By Jeff White (email@example.com)
CHARLOTTESVILLE –– As a field hockey phenom at Glenelg (Md.) High School, where she totaled 114 goals and 108 assists during her record-setting career, Alyssa Parker cut the list of colleges she was considering to four.
One of them was the University of Virginia, whose head coach, Michele Madison, impressed Parker, as did the Cavaliers’ history of success in the sport. But Parker wanted to stay close to home, and she chose the University of Maryland, then one of UVA’s fiercest rivals.
A decade later, Parker is finally a Cavalier. She recently joined Madison’s staff as an assistant coach and has gained a newfound appreciation for the University.
“Coming back as an adult now I’m like, ‘How did I not choose this school? It’s beautiful, and the academics are amazing.’ ” Parker said.
Madison is delighted to have at last landed Parker. “She was on everyone’s short list as the next great young coach,” Madison said in the release announcing Parker’s hiring. “I am happy the challenge to work at UVA resonated with her as much as her value resonated with us.”
Parker’s transition has gone smoothly. During a recent Zoom interview, she wore a UVA pullover. “No, this wasn’t hard to put on,” Parker said, laughing. Nor have her former Maryland teammates ribbed her about relocating to Wahoo country.
“It probably helped a little bit that Maryland got out of ACC halfway through my four years there,” Parker said, “so we’re no longer ACC rivals. But my Maryland teammates have been very supportive. They know Virginia is a very good hockey program. They know it’s always been my dream to not only coach hockey, but coach high-level hockey.”
In 2012, Parker’s first college season, Maryland and UVA split their two meetings. In 2013, they met only once, with the Terps winning.
In 2014, the Terrapins left the ACC for the Big Ten, where they received a rude greeting.
“It was interesting,” Parker said, “because when you’re the new team in the conference, everybody that plays you, I feel like, is bringing their best game against you, because they want to show you what the conference is all about. So maybe you play another team that normally isn’t very good, but they want to bring their best against you. And then you’re looking at this very challenging game that maybe statistically you weren’t expecting from them.”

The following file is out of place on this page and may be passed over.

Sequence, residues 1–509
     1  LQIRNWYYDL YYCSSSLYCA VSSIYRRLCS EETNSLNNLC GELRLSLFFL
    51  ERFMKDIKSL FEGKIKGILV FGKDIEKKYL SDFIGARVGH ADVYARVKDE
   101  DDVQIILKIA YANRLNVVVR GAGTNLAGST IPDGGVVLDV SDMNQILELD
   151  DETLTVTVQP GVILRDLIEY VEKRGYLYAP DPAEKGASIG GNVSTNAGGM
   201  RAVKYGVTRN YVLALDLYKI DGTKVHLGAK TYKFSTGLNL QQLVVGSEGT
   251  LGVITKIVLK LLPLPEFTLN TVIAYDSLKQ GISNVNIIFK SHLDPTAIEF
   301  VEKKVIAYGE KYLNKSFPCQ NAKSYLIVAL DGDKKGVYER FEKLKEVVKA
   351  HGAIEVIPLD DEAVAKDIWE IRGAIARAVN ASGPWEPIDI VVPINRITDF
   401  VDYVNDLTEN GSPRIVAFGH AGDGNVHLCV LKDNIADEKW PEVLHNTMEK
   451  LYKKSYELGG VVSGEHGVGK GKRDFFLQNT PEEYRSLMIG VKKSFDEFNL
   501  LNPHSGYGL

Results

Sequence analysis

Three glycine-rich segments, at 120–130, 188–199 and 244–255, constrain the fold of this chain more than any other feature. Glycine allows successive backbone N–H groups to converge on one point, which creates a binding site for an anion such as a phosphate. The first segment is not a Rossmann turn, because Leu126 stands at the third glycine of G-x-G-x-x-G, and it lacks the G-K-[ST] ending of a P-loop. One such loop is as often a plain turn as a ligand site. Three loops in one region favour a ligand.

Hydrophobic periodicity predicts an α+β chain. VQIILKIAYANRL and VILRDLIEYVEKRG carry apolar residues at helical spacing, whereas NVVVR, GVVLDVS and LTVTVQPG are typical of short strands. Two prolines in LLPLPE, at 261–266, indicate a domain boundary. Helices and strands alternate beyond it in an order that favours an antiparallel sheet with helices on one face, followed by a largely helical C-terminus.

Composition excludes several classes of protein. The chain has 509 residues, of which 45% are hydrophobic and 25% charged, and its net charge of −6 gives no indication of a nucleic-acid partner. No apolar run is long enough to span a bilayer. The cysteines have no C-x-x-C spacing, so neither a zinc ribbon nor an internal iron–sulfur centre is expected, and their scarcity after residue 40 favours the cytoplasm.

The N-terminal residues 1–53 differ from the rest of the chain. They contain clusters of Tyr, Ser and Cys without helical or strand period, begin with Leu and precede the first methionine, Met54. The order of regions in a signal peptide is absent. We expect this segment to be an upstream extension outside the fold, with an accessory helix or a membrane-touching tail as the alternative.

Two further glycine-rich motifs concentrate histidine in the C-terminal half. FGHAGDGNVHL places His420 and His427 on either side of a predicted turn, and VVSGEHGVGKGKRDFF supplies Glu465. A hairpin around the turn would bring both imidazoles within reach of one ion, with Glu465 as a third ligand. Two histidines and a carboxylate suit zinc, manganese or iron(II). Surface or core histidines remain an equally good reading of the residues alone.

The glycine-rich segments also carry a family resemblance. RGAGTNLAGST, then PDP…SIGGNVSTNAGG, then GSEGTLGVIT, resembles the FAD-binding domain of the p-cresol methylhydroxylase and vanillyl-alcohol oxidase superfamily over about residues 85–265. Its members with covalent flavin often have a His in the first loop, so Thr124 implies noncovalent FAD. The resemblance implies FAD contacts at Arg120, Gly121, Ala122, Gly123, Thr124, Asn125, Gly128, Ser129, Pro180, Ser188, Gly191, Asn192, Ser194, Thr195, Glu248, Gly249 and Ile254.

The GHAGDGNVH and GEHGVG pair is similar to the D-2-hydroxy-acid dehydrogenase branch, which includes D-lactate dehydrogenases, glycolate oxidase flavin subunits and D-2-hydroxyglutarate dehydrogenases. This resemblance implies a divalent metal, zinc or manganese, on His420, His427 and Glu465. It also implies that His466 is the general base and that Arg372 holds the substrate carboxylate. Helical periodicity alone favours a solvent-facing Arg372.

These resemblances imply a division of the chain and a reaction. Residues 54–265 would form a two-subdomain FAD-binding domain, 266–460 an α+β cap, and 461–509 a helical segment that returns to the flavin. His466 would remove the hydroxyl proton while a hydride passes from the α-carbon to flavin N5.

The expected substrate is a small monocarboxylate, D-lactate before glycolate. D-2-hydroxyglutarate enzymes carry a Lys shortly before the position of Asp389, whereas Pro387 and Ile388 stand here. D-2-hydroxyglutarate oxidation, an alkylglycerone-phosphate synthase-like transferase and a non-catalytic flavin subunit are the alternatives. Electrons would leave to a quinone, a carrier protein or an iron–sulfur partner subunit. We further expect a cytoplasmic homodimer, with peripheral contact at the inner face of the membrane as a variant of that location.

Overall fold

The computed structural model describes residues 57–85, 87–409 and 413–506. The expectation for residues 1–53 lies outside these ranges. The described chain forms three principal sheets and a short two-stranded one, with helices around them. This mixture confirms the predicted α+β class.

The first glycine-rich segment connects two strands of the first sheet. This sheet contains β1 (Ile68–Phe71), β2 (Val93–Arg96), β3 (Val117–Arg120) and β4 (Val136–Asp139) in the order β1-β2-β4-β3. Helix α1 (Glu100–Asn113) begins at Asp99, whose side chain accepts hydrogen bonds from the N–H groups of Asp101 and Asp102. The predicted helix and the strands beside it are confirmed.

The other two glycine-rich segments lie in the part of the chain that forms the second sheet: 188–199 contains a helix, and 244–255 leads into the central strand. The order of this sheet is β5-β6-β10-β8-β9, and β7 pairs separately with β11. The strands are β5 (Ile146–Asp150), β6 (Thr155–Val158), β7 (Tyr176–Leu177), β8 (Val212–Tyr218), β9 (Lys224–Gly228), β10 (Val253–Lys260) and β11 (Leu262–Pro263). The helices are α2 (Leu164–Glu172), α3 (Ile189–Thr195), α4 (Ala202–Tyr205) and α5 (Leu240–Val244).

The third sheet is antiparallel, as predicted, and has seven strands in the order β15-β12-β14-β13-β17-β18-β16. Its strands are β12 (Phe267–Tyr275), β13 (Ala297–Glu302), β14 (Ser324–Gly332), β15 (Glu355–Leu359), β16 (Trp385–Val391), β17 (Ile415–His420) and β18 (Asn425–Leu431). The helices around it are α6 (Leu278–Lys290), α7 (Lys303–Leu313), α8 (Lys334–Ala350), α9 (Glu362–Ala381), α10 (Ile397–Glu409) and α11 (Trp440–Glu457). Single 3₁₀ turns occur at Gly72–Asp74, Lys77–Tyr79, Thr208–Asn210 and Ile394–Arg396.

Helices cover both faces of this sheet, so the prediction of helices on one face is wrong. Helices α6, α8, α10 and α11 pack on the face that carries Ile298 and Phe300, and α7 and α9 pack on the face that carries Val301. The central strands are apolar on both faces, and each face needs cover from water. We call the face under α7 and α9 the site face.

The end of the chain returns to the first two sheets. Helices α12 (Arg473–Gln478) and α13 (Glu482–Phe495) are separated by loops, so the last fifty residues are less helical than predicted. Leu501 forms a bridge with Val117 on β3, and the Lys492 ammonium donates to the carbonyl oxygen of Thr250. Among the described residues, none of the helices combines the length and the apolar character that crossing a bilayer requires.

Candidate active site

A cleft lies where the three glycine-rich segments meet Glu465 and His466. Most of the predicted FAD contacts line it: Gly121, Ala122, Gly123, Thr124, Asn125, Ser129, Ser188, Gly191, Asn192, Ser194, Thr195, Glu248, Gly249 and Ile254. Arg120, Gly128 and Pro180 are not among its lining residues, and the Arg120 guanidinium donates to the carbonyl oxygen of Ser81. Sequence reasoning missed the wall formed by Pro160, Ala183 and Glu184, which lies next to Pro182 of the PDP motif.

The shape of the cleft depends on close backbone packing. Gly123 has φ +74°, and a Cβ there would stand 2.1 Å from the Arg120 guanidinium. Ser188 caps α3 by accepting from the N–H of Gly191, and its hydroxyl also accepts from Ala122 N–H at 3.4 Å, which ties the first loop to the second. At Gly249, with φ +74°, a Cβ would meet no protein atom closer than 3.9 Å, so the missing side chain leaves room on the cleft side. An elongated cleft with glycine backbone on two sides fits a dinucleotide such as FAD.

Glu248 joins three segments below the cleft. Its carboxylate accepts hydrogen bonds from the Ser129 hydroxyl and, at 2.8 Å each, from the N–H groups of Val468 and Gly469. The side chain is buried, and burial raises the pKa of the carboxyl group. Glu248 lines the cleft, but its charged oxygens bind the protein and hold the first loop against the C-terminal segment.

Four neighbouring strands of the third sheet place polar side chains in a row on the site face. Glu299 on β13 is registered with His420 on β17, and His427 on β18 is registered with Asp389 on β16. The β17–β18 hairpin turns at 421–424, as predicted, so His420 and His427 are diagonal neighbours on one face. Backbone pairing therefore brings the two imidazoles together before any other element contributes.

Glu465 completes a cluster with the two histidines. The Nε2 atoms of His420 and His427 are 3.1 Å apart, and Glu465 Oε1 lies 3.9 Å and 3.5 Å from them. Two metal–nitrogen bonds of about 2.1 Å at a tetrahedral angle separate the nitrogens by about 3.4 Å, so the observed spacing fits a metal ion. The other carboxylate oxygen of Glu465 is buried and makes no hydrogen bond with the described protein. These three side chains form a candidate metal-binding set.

Parker helped the Terps reach the NCAA semifinals in 2013 and again in ’14. She also distinguished herself at the international level, earning 50 caps for the U.S. Women’s National Team before retiring early this year.
Near the end of Parker’s playing career, her USWNT teammates included Rachel Robinson, who’ll be a fifth-year senior for the Cavaliers this season. When the assistant’s position opened at UVA this summer, Robinson quizzed Madison about who might take Rachel Dawson’s place on the staff.
Madison didn’t disclose any names, but she offered Robinson a hint.
“Michele was like, ‘it’s someone you’ve played with, and she’s super positive,’ ” Robinson recalled. “So I was narrowing it down to the people I knew. I had guesses, but I had no idea that Alyssa was an actual candidate.”
Robinson’s sister Katie, who now coaches field hockey at Langley High School in Northern Virginia, lettered four times (2010-13) at UVA, and she remembers battling Parker in ACC games.
“Katie always loved playing against her,” Robinson said.
Robinson was named to the USWNT in January 2020. The COVID-19 pandemic hit a couple of months later, and Robinson and Parker didn’t get to train together as much as expected. Robinson is thrilled that they’ve been reunited in Charlottesville.